There are other brands of gel varnish, including
Old Masters and General Finishes. Old
Masters is sold in paint stores. General
Finishes is sold in woodworking stores and
catalogs. You may fi nd “neutral” gel stain,
also, which is gel varnish.
For an article on gel varnish I wrote for
the December 2009 issue (#180), I did tests
with a number of the brands. Bartley’s dries
considerably faster than the others, which
causes some problems (which you have
surely gotten used to) on larger surfaces.
You may be able to recoat sooner, though.
But after using all the brands, I actually liked
using Bartley’s the least.
All the brands had one really critical
downside: None is water-resistant. So I
recommended coating with another fi nish
(which it sounds like you’re doing), then coating
over with the gel varnish at the end to
produce the pleasing satin sheen, and dustand
One more thing: There did appear to be a
slight difference in the degree of gloss (shine).
I applied seven coats of each brand, and the
more I applied the more apparent the differences.
Bartley’s and Old Masters seemed
to be a little glossier than General Finishes
So I guess if you were trying to fi nd the
exact same “look,” you should try to fi nd
someone who carries Old Masters, which
is labeled “Gel Polyurethane.”
I’d be curious to hear how you apply the
Bob Flexner, contributing editor
Kids & Woodworking
I have a 5-year-old grandson who I’m
trying to get started in woodworking.
And like elsewhere, the schools here
aren’t going to help.
I’m not an expert at which motor
skills are available to pursue at what
age, and perhaps in what sequence, and
which tools might relate to a particular
developmental stage. I do know the 5year-old
can navigate the Internet and
fi nd approved game sites on which to
play. And on Wii he can beat teenage
cousins in select games.
It’s a stretch to expect a child accustomed
to such quick feedback to accept
“exercises” for skill building, nor will he
learn to use a hammer by straightening
all the reclaimed nails in the coffee can
as I did. (Yes, I’m that old.)
Lowe’s is trying to help by providing
simple pre-cut projects for free (Sat-
CONTINUED ON PAGE 12
10 ■ POPULAR WOODWORKING MAGAZINE June 2011 ILLUSTRATIONS BY MARY JANE FAVORITE
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Hand tools for the serious woodworker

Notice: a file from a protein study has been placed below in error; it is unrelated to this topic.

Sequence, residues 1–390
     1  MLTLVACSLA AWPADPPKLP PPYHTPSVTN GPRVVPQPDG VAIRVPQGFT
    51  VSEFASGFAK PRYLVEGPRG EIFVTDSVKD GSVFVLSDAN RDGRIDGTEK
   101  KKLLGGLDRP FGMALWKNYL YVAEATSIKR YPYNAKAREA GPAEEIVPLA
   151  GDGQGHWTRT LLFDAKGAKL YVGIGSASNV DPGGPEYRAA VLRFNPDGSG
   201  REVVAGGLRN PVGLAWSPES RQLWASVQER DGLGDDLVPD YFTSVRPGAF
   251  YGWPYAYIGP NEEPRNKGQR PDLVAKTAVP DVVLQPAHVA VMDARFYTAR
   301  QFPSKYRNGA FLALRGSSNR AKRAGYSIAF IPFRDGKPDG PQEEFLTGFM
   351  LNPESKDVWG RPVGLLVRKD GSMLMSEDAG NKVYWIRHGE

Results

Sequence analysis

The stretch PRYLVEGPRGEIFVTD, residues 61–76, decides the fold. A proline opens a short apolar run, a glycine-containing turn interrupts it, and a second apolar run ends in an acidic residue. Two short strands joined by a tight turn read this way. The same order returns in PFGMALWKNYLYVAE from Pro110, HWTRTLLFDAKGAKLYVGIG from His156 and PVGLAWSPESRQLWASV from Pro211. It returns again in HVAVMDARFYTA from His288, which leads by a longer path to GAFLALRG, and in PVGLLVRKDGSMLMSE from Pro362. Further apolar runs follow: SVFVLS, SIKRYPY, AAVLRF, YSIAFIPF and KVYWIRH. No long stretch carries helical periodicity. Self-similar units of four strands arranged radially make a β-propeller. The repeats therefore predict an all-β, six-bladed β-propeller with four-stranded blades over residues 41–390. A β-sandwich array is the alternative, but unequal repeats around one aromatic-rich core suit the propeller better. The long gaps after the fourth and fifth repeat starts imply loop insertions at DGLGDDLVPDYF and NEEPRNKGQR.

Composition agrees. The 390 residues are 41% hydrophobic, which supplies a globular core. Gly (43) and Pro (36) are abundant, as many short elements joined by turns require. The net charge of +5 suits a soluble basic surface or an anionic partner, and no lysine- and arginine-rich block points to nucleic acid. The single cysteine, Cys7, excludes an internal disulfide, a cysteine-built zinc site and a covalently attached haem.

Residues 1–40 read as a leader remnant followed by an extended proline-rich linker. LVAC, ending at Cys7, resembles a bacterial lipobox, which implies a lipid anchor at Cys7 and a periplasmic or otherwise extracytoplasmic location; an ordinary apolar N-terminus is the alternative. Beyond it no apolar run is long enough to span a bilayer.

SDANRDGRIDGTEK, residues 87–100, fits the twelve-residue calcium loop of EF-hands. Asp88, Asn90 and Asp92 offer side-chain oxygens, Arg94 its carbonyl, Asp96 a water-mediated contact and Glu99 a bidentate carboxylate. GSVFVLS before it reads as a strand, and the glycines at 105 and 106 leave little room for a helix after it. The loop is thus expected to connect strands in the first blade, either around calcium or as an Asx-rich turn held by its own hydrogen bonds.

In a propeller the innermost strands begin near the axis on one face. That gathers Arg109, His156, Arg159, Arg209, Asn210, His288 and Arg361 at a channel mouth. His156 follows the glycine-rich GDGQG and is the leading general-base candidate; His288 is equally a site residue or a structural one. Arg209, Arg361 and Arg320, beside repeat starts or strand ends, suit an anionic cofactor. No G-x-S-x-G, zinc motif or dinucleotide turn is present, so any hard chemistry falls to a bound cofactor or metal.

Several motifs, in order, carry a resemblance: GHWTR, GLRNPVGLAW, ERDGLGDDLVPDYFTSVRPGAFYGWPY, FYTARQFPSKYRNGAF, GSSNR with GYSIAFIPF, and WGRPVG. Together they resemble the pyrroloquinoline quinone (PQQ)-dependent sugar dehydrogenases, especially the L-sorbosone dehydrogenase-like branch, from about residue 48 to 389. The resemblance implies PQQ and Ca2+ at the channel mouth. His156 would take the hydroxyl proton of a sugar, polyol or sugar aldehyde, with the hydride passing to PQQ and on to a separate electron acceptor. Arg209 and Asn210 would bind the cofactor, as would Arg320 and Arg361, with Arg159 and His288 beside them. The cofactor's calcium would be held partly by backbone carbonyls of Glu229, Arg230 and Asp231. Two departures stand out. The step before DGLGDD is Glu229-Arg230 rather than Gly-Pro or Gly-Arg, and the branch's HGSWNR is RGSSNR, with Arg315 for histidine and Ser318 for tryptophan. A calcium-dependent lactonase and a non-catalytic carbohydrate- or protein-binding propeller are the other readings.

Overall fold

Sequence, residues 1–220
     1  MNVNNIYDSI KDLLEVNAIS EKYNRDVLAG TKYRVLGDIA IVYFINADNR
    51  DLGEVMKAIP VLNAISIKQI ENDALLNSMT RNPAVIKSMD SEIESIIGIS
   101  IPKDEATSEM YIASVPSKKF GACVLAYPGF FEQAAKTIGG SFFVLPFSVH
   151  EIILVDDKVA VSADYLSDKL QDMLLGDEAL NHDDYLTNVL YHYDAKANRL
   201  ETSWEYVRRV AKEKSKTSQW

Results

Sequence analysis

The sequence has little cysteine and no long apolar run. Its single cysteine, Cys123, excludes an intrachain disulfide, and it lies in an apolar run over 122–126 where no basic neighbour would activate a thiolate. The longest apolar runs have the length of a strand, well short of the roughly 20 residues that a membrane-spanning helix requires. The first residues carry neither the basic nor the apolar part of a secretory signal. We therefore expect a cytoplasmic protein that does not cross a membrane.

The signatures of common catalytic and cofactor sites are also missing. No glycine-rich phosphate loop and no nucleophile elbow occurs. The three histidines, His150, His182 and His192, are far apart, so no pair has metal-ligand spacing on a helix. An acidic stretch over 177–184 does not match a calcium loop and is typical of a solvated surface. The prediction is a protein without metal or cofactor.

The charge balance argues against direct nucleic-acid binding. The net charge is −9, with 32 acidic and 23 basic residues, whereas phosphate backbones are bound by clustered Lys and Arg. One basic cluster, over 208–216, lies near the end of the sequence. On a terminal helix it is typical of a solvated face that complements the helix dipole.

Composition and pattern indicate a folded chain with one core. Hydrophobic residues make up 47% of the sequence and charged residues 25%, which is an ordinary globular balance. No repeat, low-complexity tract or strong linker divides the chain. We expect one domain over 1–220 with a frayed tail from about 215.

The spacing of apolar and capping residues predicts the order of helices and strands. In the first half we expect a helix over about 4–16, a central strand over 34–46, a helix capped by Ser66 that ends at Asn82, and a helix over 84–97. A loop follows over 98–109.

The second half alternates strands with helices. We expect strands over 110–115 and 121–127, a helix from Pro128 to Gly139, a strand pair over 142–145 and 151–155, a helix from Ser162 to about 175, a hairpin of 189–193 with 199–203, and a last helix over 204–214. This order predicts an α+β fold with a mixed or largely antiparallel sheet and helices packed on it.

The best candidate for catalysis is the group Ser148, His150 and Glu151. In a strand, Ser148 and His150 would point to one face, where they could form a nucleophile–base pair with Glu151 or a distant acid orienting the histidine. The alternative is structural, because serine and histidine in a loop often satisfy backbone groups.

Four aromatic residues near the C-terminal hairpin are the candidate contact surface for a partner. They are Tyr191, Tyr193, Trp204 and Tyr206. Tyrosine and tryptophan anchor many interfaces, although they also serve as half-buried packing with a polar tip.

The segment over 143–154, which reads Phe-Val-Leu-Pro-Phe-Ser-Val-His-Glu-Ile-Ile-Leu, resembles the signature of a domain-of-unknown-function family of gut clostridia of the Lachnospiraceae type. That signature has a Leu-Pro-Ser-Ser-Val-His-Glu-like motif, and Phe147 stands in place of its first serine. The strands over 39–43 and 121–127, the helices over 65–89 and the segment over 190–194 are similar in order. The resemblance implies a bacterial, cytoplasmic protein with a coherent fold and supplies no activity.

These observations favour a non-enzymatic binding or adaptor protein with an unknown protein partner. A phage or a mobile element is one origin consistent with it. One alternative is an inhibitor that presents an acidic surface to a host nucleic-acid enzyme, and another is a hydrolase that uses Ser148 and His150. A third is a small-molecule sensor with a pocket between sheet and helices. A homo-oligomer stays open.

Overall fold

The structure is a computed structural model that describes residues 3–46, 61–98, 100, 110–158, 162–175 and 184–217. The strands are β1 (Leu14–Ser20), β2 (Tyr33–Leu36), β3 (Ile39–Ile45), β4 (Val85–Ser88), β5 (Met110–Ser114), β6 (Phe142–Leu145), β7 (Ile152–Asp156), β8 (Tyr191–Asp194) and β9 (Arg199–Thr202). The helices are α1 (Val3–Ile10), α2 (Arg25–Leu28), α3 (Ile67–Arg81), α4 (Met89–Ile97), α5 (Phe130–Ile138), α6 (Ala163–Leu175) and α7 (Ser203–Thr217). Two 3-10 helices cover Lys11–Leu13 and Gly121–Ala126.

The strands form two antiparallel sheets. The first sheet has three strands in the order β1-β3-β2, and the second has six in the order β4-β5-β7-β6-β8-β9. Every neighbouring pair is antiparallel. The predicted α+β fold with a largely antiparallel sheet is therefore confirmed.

32 33rd St. Brooklyn, NY 11232 www.toolsforworkingwood.com
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“We learn more by looking for
the answer to a question and
not finding it than we do from
learning the answer itself.”
— Lloyd Alexander (1924-2007)
urday morning kids’ sessions) or for
a modest sum when purchased off the
shelf. The sessions do hold his interest,
but there’s not a lot of skill building
going on there. Skill-building projects
that provide reasonably quick feedback
seem important for today’s kids.
I think such a book would find a
lot of fathers and grandfathers fi nding
value in it. And we’ve got to get him
trained since he will inherit a terrifi c
shop. Lucky guy.
Do you have any suggestions?
Chocowinity, North Carolina
You are right that there isn’t a lot of stuff out
there for kids. With my girl, I use “Exercises
in Wood-Working,” which is a school text for
older kids, but works fi ne with the younger
ones as well. My little girl is 9.
Doug Stowe has devoted his life to
teaching young kids to be woodworkers
using the Sloyd system. He could defi nitely
help you out. Read through his blogs on his
school and such. That will give you lots of
ideas (wisdomofhands.blogspot.com and
The Sloyd system is very interesting and
probably should be revived. But how?
Christopher Schwarz, editor
Vise & Bench Base Problems
I am trying to retrofi t a leg vise on my
oddball workbench that I built when I
fi rst started years ago. My top, which is
laminated plywood, is about 3" thick.
The base is quite rough – a 2x4 construction
of my own design. The top is
attached to the base with angle brackets.
I am fi nding that the force of the leg vise,
when I hold small, narrow pieces that
are not wider than the depth of the top
12 ■ POPULAR WOODWORKING MAGAZINE June 2011
L E T T E R S
CONTINUED FROM PAGE 10
(so the leg vise pushes only on the top,
not against the leg also), is pushing the
top hard enough to offset it from the legs
and that the legs are wracking so that
they are no longer square. The result is
that the top and the leg no longer line
up. Do you think I just need to build a
I want to use hem-fi r from the home
center (I live in the Pacifi c Northwest
and yellow pine is out of the question).
The dimensions of the stretchers, at 1 5⁄8"
thick, are a bit awkward. If I use one
piece of 2x lumber dried and machined
in my shop, it will be about 1 1⁄4". Is that
too thin? But if I laminate two pieces, I
am up to 2 1⁄2".
Am I the only one who wonders
about this type of thing? Any advice
would be appreciated.
3 ⁄4" dowel – taper both ends
and center in leg
First, attempt to salvage your current workbench.
Angle brackets work fi ne with some
benches (I used them on the “24-hour Workbench”
I built years ago). However, they don’t